Tuesday, July 19, 2016


Our Best Acquaintance

Thomas Sheridan (1687-1738), "To the Dean, When in England, in 1726," lines 5-14, in The Poems of Thomas Sheridan, ed. Robert Hogan (Newark: University of Delaware Press, 1994), pp. 163-164 (at 163):
While you are trudging London town,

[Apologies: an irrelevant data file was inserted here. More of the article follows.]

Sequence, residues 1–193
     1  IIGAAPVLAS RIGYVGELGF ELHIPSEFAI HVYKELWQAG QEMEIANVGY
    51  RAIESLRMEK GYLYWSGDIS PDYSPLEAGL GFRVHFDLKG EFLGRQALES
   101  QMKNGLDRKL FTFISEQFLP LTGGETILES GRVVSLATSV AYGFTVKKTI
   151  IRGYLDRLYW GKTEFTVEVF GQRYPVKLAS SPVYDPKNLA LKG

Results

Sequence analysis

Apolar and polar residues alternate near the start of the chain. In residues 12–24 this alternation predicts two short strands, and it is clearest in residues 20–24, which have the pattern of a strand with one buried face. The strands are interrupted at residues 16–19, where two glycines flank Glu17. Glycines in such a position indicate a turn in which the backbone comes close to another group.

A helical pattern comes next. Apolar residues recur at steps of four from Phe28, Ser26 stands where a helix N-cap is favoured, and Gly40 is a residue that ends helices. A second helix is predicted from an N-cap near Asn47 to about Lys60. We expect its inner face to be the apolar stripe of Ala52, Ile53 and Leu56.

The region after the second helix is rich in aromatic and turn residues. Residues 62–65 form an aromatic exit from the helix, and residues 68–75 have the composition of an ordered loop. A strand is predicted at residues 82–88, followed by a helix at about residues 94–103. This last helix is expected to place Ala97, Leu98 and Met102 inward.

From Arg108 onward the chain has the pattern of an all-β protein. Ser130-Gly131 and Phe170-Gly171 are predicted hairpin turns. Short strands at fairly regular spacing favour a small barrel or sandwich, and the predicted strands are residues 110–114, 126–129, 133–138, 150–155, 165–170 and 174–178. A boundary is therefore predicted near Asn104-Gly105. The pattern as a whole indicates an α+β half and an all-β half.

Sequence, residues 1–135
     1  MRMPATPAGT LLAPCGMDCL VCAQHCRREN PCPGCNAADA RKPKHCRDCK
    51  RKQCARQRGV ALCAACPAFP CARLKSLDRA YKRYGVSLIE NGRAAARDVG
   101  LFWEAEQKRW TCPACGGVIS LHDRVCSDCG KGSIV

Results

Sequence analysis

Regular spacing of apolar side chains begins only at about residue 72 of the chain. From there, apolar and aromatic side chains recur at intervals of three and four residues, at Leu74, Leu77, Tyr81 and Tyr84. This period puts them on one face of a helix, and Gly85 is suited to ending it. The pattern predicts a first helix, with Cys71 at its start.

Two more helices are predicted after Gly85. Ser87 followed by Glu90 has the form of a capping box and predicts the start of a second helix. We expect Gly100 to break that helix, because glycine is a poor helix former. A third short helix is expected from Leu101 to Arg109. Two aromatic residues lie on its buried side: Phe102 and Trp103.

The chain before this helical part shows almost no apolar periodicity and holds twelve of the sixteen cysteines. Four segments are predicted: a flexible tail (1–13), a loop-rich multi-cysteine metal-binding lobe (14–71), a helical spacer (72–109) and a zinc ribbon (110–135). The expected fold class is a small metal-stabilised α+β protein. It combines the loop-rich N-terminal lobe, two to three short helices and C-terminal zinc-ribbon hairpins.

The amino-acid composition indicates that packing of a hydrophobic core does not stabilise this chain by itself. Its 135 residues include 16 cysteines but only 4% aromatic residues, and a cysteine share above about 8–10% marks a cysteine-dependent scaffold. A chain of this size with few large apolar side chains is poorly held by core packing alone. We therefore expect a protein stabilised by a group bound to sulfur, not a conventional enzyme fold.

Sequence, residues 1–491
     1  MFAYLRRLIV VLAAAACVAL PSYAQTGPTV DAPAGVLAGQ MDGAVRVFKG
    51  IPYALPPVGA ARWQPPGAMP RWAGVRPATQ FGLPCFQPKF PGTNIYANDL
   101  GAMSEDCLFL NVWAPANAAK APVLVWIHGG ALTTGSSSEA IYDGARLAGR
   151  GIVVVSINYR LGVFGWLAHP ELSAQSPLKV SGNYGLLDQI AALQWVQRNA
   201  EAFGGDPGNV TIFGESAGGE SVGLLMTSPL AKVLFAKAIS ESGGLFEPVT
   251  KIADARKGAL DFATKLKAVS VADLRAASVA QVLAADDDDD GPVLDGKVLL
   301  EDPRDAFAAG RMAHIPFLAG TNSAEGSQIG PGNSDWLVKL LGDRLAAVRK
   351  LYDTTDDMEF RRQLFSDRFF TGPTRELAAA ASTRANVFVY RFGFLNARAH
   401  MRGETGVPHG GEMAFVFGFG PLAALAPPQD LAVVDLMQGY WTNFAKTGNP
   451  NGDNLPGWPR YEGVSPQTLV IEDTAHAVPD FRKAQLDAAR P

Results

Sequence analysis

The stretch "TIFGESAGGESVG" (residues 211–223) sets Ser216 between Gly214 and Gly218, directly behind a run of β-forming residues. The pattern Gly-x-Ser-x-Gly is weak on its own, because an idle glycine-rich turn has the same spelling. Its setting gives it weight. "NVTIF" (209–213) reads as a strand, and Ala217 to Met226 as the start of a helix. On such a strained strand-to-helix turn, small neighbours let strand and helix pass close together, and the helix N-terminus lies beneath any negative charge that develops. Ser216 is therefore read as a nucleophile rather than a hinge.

I'm strolling Dublin up and down;
While you converse with lords and dukes,
I have their betters here, my books:
Fixed in an elbow-chair at ease,
I choose companions as I please.
I'd rather have one single shelf
Than all my friends, except yourself;
For, after all that can be said,
Our best acquaintance are the dead.

<< Home
Newer›  ‹Older

This page is powered by Blogger. Isn't yours?